You might have already heard that doing an internship is part of your Water Management studies at the HZ. But do you also know that this 6-month experience can be an adventure on its own? Where you do your internships is completely up to you, as far as it’s relevant to your programme. In fact, the whole world is open to you.

In the past years, Water Management students have been to the Bahamas, Vietnam, Fiji, India, Canada and oh so many other exotic and exciting places. And you can do it as well! Here’s your chance to check out an awesome internship video from two of our most recent travelers, Silvan and Niels.

Hey there! We are Silvan Allard and Niels Wagenaar, 3rd year Water Management students. We just returned from our internship in St. Eustatius, located in the Caribbean Netherlands and we hope you enjoyed our impressions of the internship and the island.

Now that you’ve seen how much fun we had, let us tell you a bit more about the internship itself. Our aim was to start up a coral restoration project which also started in 3 other Caribbean islands (Saba, Sint Maarten and the Turks and Caicos islands). The whole project is named Rescq. The main goal of the project is to restore two types of corals, Staghorn (on the left) and Elkhorn coral (fion the right). These corals are very abundant around the Caribbean. Only due to diseases, storms and climate change their population has dropped by 80 to 95%.

PicMonkey Collage.jpgStaghorn coral Elkhorn coral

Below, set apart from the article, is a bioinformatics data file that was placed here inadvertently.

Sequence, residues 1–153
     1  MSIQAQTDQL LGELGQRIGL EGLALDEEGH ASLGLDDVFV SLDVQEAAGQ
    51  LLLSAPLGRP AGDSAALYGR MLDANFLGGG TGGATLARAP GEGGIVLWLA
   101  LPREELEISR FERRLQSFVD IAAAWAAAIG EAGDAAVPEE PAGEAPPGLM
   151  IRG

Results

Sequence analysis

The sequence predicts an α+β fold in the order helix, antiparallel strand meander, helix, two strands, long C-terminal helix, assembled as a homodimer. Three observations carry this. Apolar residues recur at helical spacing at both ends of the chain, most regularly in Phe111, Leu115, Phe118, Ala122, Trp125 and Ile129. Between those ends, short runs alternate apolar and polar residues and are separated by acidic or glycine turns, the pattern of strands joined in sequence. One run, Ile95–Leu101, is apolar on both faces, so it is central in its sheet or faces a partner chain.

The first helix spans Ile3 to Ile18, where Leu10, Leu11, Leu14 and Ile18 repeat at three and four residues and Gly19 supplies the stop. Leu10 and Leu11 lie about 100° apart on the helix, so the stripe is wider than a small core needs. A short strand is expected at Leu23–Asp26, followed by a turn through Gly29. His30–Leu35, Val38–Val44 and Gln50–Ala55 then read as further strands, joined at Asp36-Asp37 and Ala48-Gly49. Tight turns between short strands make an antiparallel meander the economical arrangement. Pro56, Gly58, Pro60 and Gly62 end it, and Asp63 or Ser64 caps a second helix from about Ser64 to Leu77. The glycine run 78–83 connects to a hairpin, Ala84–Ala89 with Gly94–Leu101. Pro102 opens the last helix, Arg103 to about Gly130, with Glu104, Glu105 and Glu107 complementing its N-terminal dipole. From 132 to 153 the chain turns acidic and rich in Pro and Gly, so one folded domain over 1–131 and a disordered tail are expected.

The Staghorn and Elkhorn corals are important corals. They are so called “reefbuilders” and are fast growing corals that can grow up to 12cm in length each year. These corals are also an important habitat for juvenile and smaller fish because the corals give them protection.

Our responsibility was to search for the Elkhorn and Staghorn by freediving. After we found the corals we went down with scuba gear to collect 10 to 15 fragments of corals. Afterwards we brought them to a so called “nursery site” where we attached them to coral ladders. Then we started to measure their growth and monitored recovery of both the fragments and the original coral colony.


If the fragments have grown large enough they will be cut in half (this process will be repeated a few more times) to provide an exponential growth. In the end the fragments will be attached back on the reefs. This process will be conducted by the next interns.

This internship was amazing from start till end and I would recommend everyone to do their internship abroad!

Interetsed in more similar stories? Check out the blogposts by our andventurous alumni Sonja and Marvin.

Laatst aangepast op: 10-07-2024